June 2014, Friday the 13th didn’t actually come that bad when Elon Musk, CEO of Tesla Motors, announced to open source all of their patents. In other words, he announced an open invitation to other car manufacturers to use Tesla patents. He made a claim that Tesla wouldn’t sue any company that uses these patents operating in “good faith”.
Quite a significant and well-intentioned move one must say! Unfortunately, this portrays a false impression about intellectual property that it is only a legal matter rather than a commercial one.
The purpose of patents is not only about winning legal battles. Perhaps, what Musk fails to understand is that patents are also mementos that represent the efforts made by the people who have worked hard for creating something that is exceptionally novel. If you invest in securing patents in the first place for any technology whatsoever, you are willing and able to enforce your rights anyway. To open source a company’s patent portfolio is to reduce that company’s ability to obtain the ROI in innovation.
It is obvious that the big car-makers aren’t really looking forward to standardising EV just yet, but they definitely have all the resources at their disposal to overwhelm Tesla if they wish to. An important aspect of IPR is that IP litigation between two companies arises when their market share is encroached upon.
If this is all about partnerships, isn’t licensing of patents a part of a normal partnership? Why does Tesla need to make a big deal out of it and imply that it is doing something radically different by throwing their patents out in open? If Tesla were making more of a dent in the car market, they wouldn’t be forced into this type of a PR stunt.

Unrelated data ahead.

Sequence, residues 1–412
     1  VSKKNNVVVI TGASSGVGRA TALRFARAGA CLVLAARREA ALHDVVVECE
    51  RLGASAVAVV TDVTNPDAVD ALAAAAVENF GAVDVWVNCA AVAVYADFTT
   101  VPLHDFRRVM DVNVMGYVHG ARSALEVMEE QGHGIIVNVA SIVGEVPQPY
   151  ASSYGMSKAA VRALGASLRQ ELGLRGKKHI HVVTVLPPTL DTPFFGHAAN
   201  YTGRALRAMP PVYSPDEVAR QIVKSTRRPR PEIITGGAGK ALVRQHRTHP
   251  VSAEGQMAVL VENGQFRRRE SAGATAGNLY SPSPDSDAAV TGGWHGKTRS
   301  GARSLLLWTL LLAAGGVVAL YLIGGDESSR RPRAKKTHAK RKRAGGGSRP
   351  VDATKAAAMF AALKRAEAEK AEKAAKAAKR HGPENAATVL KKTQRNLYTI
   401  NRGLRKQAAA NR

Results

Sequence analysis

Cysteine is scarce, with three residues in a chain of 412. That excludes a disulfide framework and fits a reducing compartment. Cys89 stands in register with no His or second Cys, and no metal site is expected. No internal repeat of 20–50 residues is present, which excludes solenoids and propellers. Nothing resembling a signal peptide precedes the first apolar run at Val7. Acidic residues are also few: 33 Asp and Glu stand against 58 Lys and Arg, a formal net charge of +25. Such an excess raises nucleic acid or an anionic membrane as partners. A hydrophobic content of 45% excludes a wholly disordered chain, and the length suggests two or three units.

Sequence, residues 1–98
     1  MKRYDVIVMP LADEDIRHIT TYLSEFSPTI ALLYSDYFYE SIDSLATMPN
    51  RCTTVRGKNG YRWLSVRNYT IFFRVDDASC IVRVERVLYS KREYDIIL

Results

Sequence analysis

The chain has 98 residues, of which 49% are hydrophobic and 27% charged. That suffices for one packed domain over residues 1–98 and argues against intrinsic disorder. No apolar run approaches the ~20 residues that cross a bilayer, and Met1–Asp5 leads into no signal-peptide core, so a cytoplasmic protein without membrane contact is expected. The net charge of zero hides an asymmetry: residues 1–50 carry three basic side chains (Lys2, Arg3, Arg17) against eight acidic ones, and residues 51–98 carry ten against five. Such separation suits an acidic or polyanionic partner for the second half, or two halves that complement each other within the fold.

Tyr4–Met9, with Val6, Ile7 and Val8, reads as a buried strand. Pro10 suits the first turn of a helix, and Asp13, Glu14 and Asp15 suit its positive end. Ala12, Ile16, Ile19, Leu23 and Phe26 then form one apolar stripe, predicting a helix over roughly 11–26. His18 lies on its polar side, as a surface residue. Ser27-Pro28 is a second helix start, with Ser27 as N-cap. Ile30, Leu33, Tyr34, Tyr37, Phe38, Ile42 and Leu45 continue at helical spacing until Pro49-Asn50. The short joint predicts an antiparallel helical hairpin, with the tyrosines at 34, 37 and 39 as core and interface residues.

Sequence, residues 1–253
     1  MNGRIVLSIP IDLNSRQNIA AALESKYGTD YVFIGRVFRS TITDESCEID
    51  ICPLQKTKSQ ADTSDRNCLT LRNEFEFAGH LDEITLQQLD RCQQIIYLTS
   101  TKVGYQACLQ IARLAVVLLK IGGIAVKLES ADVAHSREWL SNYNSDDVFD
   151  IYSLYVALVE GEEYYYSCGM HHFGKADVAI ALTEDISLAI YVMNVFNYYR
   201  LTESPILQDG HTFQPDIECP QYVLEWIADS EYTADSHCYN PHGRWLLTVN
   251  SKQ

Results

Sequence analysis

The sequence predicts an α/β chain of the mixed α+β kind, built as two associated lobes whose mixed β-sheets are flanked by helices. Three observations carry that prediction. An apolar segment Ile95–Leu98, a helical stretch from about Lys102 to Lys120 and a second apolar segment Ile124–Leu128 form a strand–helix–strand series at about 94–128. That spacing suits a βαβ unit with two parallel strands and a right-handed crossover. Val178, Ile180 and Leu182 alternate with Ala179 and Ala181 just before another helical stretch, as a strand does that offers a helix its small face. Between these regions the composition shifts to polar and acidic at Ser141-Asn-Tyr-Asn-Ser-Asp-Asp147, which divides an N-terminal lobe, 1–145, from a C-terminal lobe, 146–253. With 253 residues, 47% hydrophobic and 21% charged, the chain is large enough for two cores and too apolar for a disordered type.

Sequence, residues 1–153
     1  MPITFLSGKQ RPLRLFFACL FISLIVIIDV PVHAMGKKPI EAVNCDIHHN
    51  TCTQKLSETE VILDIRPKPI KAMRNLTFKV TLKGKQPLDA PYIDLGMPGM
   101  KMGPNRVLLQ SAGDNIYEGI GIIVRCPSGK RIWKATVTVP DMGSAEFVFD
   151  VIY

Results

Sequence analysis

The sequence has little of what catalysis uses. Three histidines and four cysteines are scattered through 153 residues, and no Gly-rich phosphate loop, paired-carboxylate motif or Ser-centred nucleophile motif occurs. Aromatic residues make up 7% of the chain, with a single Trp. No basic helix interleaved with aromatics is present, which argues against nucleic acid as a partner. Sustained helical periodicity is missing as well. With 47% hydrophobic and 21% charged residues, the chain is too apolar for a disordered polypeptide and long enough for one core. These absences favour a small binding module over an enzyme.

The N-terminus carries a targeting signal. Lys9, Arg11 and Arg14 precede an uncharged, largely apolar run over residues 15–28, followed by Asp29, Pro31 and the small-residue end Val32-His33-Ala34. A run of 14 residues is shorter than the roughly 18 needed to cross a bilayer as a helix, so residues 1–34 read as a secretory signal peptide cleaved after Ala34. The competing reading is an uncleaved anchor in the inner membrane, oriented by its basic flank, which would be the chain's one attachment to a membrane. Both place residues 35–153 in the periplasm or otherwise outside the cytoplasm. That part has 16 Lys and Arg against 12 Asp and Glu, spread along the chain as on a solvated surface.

The spirit behind Musk’s announcement is great. But where are the details? Tesla didn’t mention anything about what patents they’re talking about as of yet. Does it mean all of the Tesla’s patents?
In Tesla’s case, open sourcing their patents could hurt them in the future in two ways:
- Undermining the future commercial value of the company
Consider this – Even if a company doesn’t have Tesla’s drawings or technology specifications but have the financial and engineering resources, it can reverse engineer their way to making the same product and innovate at much faster pace.
By announcing that Tesla won’t file any lawsuits against other car manufacturers, it is in a way letting those companies take a leap forward and rise potentially in the EV industry. The idea of sharing IP without having a licensing fee in place will only diminish Tesla’s investments and make it easier for its competitors to leapfrog Tesla making it an easier “takeover target”.
- Sourcing the spare parts
Tesla has been putting in efforts to enable itself to have direct sales of their EVs to the consumer making a lot of car dealers unhappy as they are bypassed by Tesla. If there’s no licensing fee in their open source policy then Tesla won’t be able to prevent their sub-component suppliers to sell spare parts directly to consumers or independent repair shops.
Musk’s goals about proliferating clean green technologies in the future do sound noble, but his comments regarding the open source patent policy don’t exactly align with the patent filing activities of Tesla Motors in the first place.
The whole idea of open sourcing might have made more sense if Musk was willing to redistribute his wealth to the employees and investors who committed themselves to create value for Tesla.